ORIGINAL RESEARCH article
Treatment Patterns and Survival Outcomes of Non-Small Cell Lung Cancer Patients Initially Diagnosed With Brain Metastases in Real-World Clinical Practice
- 1State Key Laboratory of Oncology in South, China Department of Medical Oncology, Sun Yat-Sen University Cancer Center, Collaborative Innovation Center for Cancer Medicine, Guangzhou, China
- 2Guangdong Provincial Key Laboratory of Malignant Tumor Epigenetics and Gene Regulation, Breast Tumor Center, Sun Yat-Sen Memorial Hospital, Sun Yat-sen University, Guangzhou, China
- 3Department of Pathology, The First Affiliated Hospital of Sun Yat-sen University, Guangzhou, China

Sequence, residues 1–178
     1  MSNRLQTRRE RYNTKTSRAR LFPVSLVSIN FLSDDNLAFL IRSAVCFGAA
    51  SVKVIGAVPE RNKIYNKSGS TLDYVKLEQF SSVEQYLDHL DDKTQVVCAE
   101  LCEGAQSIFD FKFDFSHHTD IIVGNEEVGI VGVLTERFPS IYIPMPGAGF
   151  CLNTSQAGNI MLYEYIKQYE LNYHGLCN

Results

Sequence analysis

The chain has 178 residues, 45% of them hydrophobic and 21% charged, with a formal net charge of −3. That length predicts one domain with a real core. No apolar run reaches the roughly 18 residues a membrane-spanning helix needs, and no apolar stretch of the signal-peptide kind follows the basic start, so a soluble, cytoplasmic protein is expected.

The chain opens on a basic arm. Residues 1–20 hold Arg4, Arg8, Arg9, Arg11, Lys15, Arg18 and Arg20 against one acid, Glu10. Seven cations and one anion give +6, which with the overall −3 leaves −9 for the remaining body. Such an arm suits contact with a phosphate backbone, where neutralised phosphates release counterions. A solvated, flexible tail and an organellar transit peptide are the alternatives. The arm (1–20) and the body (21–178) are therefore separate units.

- 4Department of Endoscopy, Sun Yat-Sen University Cancer Center, State Key Laboratory of Oncology in South China, Collaborative Innovation Center for Cancer Medicine, Guangzhou, China
- 5Department of Chemotherapy, Zhongshan City People’s Hospital, Zhongshan, China
- 6Department of Oncology, Guizhou Provincial People’s Hospital, Guiyang, China
- 7Department of Oncology, Affiliated Cancer Hospital of Zhengzhou University, Henan Cancer Hospital, Zhengzhou, China
Background: This study aimed to comprehensively analyze the characteristics, treatment patterns, and survival outcomes of non-small-cell lung cancer (NSCLC) patients initially diagnosed with brain metastases (BMs) in real-world practice.
Methods: We enrolled NSCLC patients initially diagnosed with BMs between Jan 2004 and Jan 2018 in our institution. Patient demographics, treatment modalities, and survival outcomes were then analyzed. Brain localized treatment (BLT) included early brain radiotherapy (EBR), deferred brain radiotherapy (DBR), and surgery.